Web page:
Roughly one million people who had kicked the habit went back to smoking because of the stress of 9/11, according to a newly published report.
A full 58 percent of respondents to a new University of Connecticut/Hartford Courant poll answered they were either completely happy or very happy.
A Gallup survey on stress in America conducted from January to December 2012 and just released this month found that among those in the Tri-State Area, 43 percent of the people surveyed in Connecticut answered yes to having stress.
The aftermath of Superstorm Sandy is being felt beyond the bricks and mortar, as the serenity at the Jersey Shore has been replaced by stress.
When most people leave work at the end of the day they let out a sigh of relief. But for others, enough is just never enough.
From the stress of dealing with the aftermath of back to back storms, to dealing with the outcome of the presidential elections – which not everyone agreed on – we know there are parents out there that could use some tips on teaching their kids to cope.
On the day after her 30th birthday, country star LeAnn Rimes voluntarily entered a 30-day treatment center to deal with anxiety and stress.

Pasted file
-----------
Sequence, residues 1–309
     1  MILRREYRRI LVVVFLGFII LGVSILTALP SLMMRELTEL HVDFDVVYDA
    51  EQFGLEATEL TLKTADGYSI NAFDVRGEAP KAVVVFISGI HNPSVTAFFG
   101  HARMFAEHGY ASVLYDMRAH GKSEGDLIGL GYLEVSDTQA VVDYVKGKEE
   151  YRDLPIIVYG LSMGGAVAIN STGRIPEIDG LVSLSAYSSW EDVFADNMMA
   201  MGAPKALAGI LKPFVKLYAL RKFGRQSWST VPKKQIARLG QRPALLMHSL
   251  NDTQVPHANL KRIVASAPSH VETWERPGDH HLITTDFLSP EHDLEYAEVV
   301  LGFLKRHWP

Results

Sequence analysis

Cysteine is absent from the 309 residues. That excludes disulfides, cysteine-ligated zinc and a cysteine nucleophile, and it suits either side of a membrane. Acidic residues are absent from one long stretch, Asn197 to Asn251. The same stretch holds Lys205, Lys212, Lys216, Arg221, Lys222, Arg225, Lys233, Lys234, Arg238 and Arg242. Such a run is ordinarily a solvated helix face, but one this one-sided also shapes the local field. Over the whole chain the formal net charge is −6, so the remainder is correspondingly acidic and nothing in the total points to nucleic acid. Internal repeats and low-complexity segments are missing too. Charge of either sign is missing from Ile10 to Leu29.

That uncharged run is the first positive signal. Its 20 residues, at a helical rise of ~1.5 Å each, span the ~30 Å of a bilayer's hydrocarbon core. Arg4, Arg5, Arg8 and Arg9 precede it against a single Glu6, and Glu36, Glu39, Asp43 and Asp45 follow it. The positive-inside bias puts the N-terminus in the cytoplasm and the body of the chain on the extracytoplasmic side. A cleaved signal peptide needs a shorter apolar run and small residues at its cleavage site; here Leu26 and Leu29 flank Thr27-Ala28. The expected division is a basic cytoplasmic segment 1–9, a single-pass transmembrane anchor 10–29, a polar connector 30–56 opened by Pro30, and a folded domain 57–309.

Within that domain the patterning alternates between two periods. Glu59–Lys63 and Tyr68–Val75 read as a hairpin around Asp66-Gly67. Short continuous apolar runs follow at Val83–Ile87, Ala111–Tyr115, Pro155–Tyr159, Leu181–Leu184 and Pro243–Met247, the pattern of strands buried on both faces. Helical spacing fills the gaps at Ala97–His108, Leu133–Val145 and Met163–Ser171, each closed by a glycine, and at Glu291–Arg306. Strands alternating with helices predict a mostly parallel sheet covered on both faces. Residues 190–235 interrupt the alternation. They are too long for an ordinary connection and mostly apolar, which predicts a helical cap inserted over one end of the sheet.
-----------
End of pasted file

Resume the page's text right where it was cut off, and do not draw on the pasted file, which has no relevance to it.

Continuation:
Long-term exposure to stress floods the brain with cortisol, which damages neurons making them smaller. Part of the brain affected by stress controls problem solving and memory: in extreme cases, the results can be serious.
A new study suggests that women in high-stress jobs might be risking their health simply by going to work.
Vet-2-Vet, a toll-free confidential help line, was created years ago by the state Department of Military and Veterans Affairs and the University of Medicine and Dentistry of New Jersey.
Spira, author the book “Overload: How Too Much Information Is Hazardous To Your Organization,” says a little empathy goes a long way to reducing stress in the workplace in the summer.
Jets fans are certainly no strangers to stress. Mix that with a big game and you could have cause for concern.
The study also found that women who worried about losing their jobs had higher blood pressure, weight and cholesterol levels.
New York is number one for a lot of things and now you can add stress to the list.
You’ve heard it a thousand times: Money can’t buy happiness. So why do so many people continue to try and accumulate riches? New studies examine the correlation between big bucks and bliss.